Showing posts from March, 2019

Updated Lincoln's Inn Fields Wikipedia page

I quite often revise wikipedia pages if I feel I have a moment. This one I did because the London Archaeologist had an article by Barbora Brederova about an excavation in the Fields, and it gave information not clearly listed on Wikipedia. If you want to read it here it is I included a reference to the discovery of a fragment of a fudding cup.

Ice House discovered near Regents Park

They have discovered a complete ice house by Regent's Crescent. near Regent's Park

My next Walks for London Walks are:

Saturday March 30 2019 The City of London Architecture Walk Sat 14:30 · Tower Hill tube station · London     Pub Crawl up the River Fleet on May 18 London Bridge to Bermondsey on July 13 The Archaeology of London Bridge on July 14 City Backstreets on Oct. 5Roman Archaeology and Culture on Aug. 3 Chelsea on Sept. 28 Decline and Fall of Roman London on Sept. 28 Myths and Legends and the Origins of London on Oct. 5 The City and the Blitz on November 23

New film on Mary Anning starring Kate Winslet

They have started filming it in Lyme Regis.  The story casts Anning as a lesbian which has created a bit of a tiss.

Updating Wikipedia Walbrook Article

I  updated the wikipedia entry for the Walbrook. Walbrook Wikipedia Firstly, the augment the section on the Skulls that were found there which only he 2 original theories of their origin. Secondly, to add the section on Tributaries particularly to add reference to the Langbourne.

City of London Ward Walk - Langbourn Ward

Yesterday, after days of research, I gave my walk around Langbourn.  The ward is small, almost arrow shaped ward, that runs from Bank to Fenchurch Street.    It is basically the land on either side of Lombard Street and the west end of Fenchurch Street, although recent boundary changes mean it is now only on the north side of those streets. It actually begins as St Mary Woolnoth, the Hawksmoor Church, crosses Lombard Street and the southern border runs west to Billiter Street. The North side runs from Billiter Street, through the lanes and alleys south of Cornhill. Its a great walk because the alley ways around Change Alley are very charismatic. The walk began with a look at the Royal Exchange which despite not being in the ward is intrinsic to the story of the ward which is as the centre of London's financial district. Lombard Street was where the Italian banking community set up after the Jewish Bankers were expelled by Edward 1st.  It was the medieval centre of business

The man who is changing the past

This is a great summary of the work being done in aDNA, ancient DNA which is overturning 60 years of folly among prehistorians. Invasions are back in fashion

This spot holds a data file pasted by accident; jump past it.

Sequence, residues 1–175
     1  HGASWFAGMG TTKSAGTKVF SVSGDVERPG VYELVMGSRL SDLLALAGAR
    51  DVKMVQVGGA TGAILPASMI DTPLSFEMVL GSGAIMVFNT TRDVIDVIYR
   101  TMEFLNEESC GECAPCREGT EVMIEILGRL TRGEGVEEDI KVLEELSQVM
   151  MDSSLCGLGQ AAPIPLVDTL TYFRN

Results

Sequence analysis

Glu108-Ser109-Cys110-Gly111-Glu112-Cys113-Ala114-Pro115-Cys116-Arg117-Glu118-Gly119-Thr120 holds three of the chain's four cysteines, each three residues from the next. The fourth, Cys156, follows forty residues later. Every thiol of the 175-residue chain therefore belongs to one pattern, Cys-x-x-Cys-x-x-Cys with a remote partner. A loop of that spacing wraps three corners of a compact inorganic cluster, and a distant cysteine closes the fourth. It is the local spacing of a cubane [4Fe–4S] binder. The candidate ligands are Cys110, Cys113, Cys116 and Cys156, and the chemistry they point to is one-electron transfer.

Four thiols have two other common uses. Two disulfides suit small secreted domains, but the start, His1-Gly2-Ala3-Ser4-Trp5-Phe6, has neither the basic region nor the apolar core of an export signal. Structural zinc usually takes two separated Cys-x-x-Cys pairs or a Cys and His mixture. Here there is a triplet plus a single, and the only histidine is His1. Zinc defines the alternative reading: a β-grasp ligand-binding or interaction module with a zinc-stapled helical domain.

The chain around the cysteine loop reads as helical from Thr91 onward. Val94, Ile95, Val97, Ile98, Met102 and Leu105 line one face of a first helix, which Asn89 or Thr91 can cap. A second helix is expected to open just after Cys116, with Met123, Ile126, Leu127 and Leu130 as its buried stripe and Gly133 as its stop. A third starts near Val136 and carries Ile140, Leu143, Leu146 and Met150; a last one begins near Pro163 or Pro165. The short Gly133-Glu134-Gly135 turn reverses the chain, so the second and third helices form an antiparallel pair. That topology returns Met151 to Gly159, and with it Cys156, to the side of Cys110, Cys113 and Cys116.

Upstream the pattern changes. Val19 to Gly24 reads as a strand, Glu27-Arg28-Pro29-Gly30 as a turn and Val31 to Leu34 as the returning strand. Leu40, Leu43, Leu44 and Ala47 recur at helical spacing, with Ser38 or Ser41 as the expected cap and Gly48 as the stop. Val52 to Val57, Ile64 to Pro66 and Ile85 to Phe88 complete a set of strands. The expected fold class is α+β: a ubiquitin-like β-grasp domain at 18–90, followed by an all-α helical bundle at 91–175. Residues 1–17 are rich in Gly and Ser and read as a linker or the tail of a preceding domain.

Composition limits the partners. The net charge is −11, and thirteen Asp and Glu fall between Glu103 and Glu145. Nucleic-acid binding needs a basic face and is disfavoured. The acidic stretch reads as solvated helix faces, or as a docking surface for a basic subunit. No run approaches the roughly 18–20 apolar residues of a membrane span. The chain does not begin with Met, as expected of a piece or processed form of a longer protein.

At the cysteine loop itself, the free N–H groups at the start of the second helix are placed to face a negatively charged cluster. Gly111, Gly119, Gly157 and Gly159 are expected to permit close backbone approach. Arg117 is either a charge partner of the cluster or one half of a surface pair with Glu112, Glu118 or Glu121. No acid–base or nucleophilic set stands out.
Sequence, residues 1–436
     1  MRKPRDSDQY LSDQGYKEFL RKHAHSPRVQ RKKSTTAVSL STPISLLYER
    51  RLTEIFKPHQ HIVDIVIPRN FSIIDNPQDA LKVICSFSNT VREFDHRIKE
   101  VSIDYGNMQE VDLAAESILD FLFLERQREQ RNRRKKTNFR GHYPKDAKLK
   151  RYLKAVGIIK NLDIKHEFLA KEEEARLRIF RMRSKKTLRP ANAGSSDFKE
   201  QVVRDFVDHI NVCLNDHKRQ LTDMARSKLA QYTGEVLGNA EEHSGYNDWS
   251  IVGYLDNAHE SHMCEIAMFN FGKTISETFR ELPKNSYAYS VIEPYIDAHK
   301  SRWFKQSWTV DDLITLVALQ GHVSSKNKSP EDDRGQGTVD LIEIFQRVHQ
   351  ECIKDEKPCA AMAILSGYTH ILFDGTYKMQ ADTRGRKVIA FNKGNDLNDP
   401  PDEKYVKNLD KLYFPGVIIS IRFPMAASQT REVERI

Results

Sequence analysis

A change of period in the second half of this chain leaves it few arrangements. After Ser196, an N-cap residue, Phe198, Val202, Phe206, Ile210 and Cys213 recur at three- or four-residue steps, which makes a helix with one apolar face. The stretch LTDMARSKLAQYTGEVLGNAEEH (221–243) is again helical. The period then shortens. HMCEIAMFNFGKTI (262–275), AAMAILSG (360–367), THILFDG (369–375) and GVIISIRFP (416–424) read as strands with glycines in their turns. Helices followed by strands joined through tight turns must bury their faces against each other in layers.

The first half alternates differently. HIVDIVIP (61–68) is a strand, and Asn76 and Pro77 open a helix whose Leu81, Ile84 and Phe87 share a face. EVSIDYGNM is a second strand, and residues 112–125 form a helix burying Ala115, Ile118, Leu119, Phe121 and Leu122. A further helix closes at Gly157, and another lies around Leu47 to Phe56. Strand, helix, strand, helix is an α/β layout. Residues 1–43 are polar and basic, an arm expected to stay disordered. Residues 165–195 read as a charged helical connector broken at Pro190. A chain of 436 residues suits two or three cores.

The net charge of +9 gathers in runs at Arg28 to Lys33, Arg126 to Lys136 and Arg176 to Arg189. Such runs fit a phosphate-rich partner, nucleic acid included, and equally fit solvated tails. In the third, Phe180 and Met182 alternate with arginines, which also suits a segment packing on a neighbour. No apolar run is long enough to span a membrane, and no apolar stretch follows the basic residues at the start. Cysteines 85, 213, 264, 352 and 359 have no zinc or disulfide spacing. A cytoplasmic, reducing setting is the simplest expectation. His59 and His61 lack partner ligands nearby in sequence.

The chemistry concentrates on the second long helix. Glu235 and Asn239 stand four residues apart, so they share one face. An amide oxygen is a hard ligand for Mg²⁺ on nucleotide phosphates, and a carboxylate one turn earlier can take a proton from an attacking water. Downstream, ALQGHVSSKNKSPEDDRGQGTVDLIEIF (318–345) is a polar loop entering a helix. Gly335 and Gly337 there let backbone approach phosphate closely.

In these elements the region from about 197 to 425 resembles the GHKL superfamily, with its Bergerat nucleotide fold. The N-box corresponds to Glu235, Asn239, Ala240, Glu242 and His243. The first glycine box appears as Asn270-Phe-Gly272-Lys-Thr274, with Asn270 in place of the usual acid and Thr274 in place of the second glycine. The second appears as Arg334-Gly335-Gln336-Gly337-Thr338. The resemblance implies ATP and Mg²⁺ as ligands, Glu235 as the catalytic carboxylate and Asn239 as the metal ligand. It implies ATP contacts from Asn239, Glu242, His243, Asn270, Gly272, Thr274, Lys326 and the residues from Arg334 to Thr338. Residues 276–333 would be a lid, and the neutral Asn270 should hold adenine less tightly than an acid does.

Measuring Worth - easy to use historical value calculator

This is great and will give much more accurate estimations of past value. I wrote a blog post about it earlier. But this is just a little advert for the folk at Measuring Worth. Have a go its fun.

Slavery in Bedford Square Walk

Saturday I attended a walk/event based on the slave owners who lived in  Bedford Square. The tour was organised and given by Jean Campbell from MA for Narrative Environments at CSM. She used the UCL database of compensation payments for those who owned slaves when it was abolished in 1833. Legacies of British Slave Ownership this enabled her to identify several people who lived in Bedford Square who owned slaves.  Jean used this to help raise consciousness not only of slavery but of legacy issues, such as educational attainment of Black students.  The walk used several methods to increase interaction and to stop it being a didactic exercise. The Government borrowed £20m pounds from 2 Bankers, one of them being Rothschilds. Jean reported that this debt was only paid off recently in 2015. ( Taxpayers still paying).

What would Darcy's £10,000 income be worth if he were not a fictional figure and alive today?

The answer is that is is very complicated. History Today dealt with this in an article by Roderick Floud 'Pricing the Past' March 2019. It is often done using inflation indices which have been compiled for the past, these might be based on prices or earnings, or a combination - each giving different result. But the article suggests, as my anecdotal experience would confirm, that these give a result far too low.  People have resorted to other methods for example including taking a single commodity and using that at as the measure.   For example. you could give an idea of the buying power of a daily wage by giving it in the number of Mars Bars it could buy, or the income of a Doctor  in terms of the daily wage equivalent of unskilled labours, or Roman Legionaries. Froud uses a site called which helps calculate historic value by a range of methods. Be warned it is complicated. However, I have just discovered that if you go straight to this page, then its qui